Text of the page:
Your Legal Helpdesk is hard at work receiving and answering questions from REALTORS®. Here are a few questions and answers from the Legal Helpdesk.
Landlord/Tenant - Up-front Charges
Bidding - Payment Not to Bid
Q: When bidding on real estate at a court house auction, is it illegal to pay someone not to bid, or to get paid not to bid?
A: Yes, it is likely against federal anti-trust laws to either pay someone or to receive payment to not bid on real estate at a public auction. The Sherman Act, and other federal laws like the Clayton Act, are considered the federal anti-trust laws. The Sherman Act specifically prohibits any agreement among competitors to fix prices, rig bids, or engage in other anti-competitive activity. Bid-rigging, such as by paying someone or receiving payment not to bid at a public auction, has been prosecuted as unlawful, anti-competitive behavior. Please see below for several articles with more information as well as a recent case in Mobile, AL.
Q: Are there any laws, rules or ethics regarding a ‘Pocket Listing’?
A: Yes. NAR has great material on pocket listings. Basically, pocket listings can conflict with your MLS rules, can be unethical and/or illegal in certain circumstances, especially when the REALTOR® is the one pushing it as an option, and, due to the situation-specific chance of illegality and/or ethical impropriety, should be scrutinized closely. If you have a question about a specific situation, I recommend consulting an attorney familiar with federal and state real estate law.
Q: If there is a signed listing agreement and a "For Sale" sign is posted on the property, can the listing agent/broker refuse to allow the property to be shown to a potential buyer?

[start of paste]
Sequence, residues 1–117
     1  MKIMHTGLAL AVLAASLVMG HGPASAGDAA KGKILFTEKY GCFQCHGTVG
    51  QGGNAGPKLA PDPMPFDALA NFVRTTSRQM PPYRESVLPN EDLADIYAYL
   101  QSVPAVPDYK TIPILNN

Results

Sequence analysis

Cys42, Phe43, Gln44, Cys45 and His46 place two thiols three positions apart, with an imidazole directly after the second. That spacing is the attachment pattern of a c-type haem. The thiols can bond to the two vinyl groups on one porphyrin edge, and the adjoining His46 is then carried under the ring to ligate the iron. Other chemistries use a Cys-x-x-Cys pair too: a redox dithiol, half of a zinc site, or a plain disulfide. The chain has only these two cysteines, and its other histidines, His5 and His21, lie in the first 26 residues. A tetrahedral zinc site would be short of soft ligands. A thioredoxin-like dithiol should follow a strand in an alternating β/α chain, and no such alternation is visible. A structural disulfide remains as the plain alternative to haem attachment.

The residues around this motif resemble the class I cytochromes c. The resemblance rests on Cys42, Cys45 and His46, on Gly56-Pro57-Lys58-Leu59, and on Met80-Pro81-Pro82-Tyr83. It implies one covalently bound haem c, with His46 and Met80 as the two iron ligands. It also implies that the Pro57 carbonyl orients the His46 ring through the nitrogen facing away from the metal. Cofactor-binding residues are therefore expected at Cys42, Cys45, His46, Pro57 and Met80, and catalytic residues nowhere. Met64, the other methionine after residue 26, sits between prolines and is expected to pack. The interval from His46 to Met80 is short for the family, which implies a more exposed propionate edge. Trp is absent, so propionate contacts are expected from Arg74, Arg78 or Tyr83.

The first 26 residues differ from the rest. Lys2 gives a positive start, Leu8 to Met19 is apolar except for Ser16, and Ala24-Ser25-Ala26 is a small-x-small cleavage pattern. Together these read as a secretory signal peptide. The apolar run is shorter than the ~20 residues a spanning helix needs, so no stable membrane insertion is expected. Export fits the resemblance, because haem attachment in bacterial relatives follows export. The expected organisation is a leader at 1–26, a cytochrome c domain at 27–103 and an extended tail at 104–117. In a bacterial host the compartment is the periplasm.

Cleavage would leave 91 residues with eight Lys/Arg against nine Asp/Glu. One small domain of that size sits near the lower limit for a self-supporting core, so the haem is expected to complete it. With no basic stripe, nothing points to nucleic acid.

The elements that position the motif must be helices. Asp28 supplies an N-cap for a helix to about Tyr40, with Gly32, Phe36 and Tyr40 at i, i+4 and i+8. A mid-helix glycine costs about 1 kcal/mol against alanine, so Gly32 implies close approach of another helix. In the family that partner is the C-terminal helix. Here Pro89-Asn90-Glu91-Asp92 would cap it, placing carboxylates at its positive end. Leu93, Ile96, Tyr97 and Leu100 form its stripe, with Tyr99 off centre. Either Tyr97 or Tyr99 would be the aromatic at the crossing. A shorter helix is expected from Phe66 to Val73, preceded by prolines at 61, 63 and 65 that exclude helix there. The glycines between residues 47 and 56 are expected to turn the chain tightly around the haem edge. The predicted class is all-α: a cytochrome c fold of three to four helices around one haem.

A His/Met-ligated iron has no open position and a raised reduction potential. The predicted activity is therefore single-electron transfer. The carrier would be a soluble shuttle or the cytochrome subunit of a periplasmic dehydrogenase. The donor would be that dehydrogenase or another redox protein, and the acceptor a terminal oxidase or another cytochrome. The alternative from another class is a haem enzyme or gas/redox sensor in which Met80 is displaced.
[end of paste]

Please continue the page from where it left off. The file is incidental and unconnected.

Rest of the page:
A: Yes, but only in certain circumstances. A listing agent/broker must comply with federal and state laws and NAR Code of Ethics on anti-discrimination when showing a house. Thus, a listing agent or broker cannot discriminate against a protected class by refusing to show a house to someone because of the particular, protected class, such as race, religion, national origin, age, disability, familial status or sex. If a client requests a listing agent or broker to discriminate against a protected class, the listing agent or broker would violate the law if he or she adheres to the request. Also, a listing agent/broker has ethical and statutory duties to his or her client, and a unilateral decision not to show a house to a prospective buyer can violate these duties.
That being said, limitations are allowed in certain circumstances. For example, showings can be limited to potential buyers who are pre-qualified for a loan, as long as a particular lender is not required. Also, REALTORS® should always be mindful of their safety and the safety of their clients, so personal safety should always be a consideration when showing a house.
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